As you’re already well aware, a home with dogs isn’t always the world’s best smelling environment. That’s especially true if you have a rambunctious dog that spends its days outside running around, digging holes and chasing small creatures. It’s also likely that your home has a very “canine” odor if your dog tends to leave stray hairs everywhere around the house. That’s not the greatest thing in the world if you want your home to smell as good as it can. If you have allergies, though, owning a dog can make breathing feel downright impossible on a bad day.
Improving the air quality in your home isn’t just a matter of improving your own comfort; it’s also what’s best for the health of your furry friend. The ideal strategy for maximizing indoor air quality as a dog owner, then, approaches the issue from both sides. In addition to minimizing the smells left behind by your canine, this article will also provide tips that can be useful for eliminating the human and environmental contaminants that could potentially be harmful for your dog.
If you’re a smoker, the top thing that you can do to improve the air quality in your home for yourself and your dog – without question – is to quit. You’re already aware that smoking is terrible for your health, of course – and with that in mind, you’ve probably already tried to quit and weren’t successful. If you can’t – or don’t want to – quit smoking, your next best option is to buy a vape kit from a company like V2 Cigs and make the switch from smoking to vaping.
Switching to vaping will mean that you’re no longer filling your home with smoke, so it’s the next best thing to quitting for your health and the health of your dog. You’ll find, though, that it’ll also make a dramatic difference in the way your home smells. Smoke has a way of sticking to everything – including the stray hairs and dander left behind by your dog. You’ll find that quitting is the absolute best thing that you can do to improve the smell of your home.
Give Your Home a Thorough Vacuuming
One of the best ways to remove the canine scent from your home is by removing what your dog leaves behind. We’re talking, of course, about the pet hair and dander that finds its way into the corners of your floor, under the furniture and between the couch cushions. Vacuuming all of those hard-to-reach spots is a pretty major project, and it’s one that you likely try to put off as long as possible. When you really want to get the dog smell out of your home, though, a very thorough vacuuming is likely to have a greater effect than just about anything else that you can do.
Your main goal here is to clean the places that you normally skip when you do your day-to-day cleaning, because those are the places where dog hair collects. Remove the cushions from your furniture and vacuum them. Vacuum under the cushions. Vacuum under and behind the furniture, moving the furniture if necessary so you can reach.
Clean Your Doggy Bed
We know that dogs can become very attached to their sleeping spots. If you have a doggy bed, though, that’s going to be one of the areas of your home where the dog smell really collects. If your dog isn’t ready for a new bed, then you’re going to have to clean the bed he has.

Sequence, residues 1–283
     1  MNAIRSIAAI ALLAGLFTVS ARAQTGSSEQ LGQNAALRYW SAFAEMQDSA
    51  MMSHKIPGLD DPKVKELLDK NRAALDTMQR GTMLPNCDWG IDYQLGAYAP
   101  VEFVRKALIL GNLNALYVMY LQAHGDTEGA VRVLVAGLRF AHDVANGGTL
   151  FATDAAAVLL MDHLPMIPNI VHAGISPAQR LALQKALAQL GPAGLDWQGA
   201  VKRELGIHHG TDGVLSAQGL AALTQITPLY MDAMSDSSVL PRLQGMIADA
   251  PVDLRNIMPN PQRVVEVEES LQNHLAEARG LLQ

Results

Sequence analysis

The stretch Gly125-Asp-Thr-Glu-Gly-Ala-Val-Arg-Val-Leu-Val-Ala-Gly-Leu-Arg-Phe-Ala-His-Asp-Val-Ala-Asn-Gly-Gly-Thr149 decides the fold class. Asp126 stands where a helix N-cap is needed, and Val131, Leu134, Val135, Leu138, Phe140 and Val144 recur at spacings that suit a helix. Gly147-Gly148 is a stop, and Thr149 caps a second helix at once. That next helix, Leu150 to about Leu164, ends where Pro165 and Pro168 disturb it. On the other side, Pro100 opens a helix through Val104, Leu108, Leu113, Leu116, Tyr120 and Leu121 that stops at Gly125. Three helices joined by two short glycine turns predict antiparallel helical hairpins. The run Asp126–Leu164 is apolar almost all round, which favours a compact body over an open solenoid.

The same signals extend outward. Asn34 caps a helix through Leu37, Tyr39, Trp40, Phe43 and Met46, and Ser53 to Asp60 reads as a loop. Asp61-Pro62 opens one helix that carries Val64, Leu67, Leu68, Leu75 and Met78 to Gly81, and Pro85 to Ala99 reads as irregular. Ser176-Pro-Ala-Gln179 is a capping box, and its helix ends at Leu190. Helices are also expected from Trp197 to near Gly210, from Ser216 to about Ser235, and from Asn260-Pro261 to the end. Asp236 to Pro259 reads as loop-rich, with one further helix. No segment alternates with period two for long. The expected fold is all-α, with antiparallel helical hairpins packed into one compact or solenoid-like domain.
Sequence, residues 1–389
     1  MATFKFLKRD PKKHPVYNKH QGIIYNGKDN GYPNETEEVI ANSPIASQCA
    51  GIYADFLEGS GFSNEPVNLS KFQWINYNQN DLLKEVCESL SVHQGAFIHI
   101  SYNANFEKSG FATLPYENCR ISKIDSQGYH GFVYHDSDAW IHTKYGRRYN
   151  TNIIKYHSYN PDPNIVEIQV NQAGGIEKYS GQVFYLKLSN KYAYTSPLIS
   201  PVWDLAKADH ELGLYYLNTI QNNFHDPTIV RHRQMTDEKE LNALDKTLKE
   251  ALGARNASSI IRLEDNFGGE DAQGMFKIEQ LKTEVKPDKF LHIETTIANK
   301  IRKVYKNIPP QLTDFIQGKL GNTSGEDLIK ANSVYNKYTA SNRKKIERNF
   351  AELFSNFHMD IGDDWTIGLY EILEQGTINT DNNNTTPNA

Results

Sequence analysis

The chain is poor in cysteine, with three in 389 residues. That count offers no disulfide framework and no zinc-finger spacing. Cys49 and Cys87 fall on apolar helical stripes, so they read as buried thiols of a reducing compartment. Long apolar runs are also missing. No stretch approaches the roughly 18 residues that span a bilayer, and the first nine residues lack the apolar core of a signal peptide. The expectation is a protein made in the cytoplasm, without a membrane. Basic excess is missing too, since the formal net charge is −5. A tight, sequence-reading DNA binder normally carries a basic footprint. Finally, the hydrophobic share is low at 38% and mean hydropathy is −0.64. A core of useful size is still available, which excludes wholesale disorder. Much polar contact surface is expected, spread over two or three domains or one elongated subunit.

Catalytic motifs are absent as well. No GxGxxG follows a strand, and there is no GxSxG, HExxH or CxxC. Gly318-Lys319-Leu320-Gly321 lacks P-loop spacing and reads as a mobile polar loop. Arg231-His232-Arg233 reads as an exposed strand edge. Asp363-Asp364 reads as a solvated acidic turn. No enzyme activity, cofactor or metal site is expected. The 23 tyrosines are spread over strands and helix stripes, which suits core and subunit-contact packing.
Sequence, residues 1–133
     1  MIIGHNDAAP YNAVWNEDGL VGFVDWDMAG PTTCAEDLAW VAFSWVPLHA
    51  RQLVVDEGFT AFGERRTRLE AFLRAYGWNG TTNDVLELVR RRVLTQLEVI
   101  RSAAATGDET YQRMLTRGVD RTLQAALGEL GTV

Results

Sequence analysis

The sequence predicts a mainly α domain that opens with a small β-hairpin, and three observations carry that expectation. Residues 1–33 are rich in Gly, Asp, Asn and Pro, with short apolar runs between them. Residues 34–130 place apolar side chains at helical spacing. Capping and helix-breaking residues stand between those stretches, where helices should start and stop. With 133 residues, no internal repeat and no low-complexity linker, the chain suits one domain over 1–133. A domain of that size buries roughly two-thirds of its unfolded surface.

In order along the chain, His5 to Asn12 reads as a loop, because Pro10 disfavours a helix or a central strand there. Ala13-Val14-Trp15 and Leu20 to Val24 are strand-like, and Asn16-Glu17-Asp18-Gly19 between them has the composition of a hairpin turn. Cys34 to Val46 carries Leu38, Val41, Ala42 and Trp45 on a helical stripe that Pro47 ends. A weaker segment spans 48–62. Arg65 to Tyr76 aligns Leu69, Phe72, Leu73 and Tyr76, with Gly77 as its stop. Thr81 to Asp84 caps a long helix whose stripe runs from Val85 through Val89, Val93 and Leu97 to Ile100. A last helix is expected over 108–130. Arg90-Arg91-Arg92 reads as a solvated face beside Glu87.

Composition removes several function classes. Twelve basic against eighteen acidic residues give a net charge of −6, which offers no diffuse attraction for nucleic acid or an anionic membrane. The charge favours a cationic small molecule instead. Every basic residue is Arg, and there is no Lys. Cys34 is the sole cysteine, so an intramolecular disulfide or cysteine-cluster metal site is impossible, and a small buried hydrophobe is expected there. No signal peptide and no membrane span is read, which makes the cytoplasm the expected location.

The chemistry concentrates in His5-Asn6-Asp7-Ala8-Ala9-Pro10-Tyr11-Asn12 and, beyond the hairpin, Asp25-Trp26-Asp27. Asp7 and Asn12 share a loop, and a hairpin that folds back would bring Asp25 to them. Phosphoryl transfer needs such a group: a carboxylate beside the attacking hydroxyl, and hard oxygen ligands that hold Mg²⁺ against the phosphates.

One of the most effective ways of removing an unwanted smell from a soft item is by sprinkling baking soda liberally on the item and waiting a day for the baking soda to absorb the smell. After a day, remove the baking soda by vacuuming and give the doggy bed a thorough steam cleaning.
Leave the bed in direct sunlight for a day to remove any lingering smell. The sun’s ultraviolet radiation will help to break down any odor-causing molecules that the baking soda treatment and steam cleaning missed.
Place Activated Charcoal Around Your Home
Aside from baking soda, activated charcoal is easily one of the most powerful odor absorbers on the market. Just a teaspoon of activated charcoal has greater surface area than a football field, and the enormous surface area allows the charcoal to trap the tiniest odor-containing molecules with ease.
Bulk activated charcoal is widely available online and at home improvement stores. You’ll buy it in permeable canvas bags that you’ll place in strategic locations throughout your home.
As air passes through the bags, the charcoal absorbs odor-causing particles and releases fresh, clean smelling air. You can usually use a bag of activated charcoal for a couple of years before it begins to lose effectiveness. Once a month, place the bags in direct sunlight for a few hours to refresh the charcoal.
Purchase an Air Purifier
Once you’ve done everything you can to clean the items that allow dog smells to linger in your home, keeping the indoor air quality as high as it can be requires ongoing maintenance. The best thing that you can do to keep unpleasant smells from building up in your home is to vacuum the floor and furniture as often as you can. Between house cleaning sessions, though, the next best thing that you can do is buy a good air purifier.
There are two things that you need to know before you buy an air purifier. The first thing is that the price of an air purifier usually has a strong correlation with its effectiveness. Don’t buy a $39 air purifier from the local big-box store expecting it to have a dramatic effect on the dog smell in your home. The second thing is that is that the size of the filter media has a great deal to do with the air purifier’s effectiveness. The filter stages in a high-end air purifier usually consist of a pre-filter, an activated charcoal filter and a HEPA filter. You can think of the different filter stages as being a bit like obstacle courses for dust, pet dander, pollen and other odor- and allergy-causing particles. The bigger the obstacle courses are, the more likely it’ll be that the particles will become stuck inside the air purifier instead of recirculating through the house.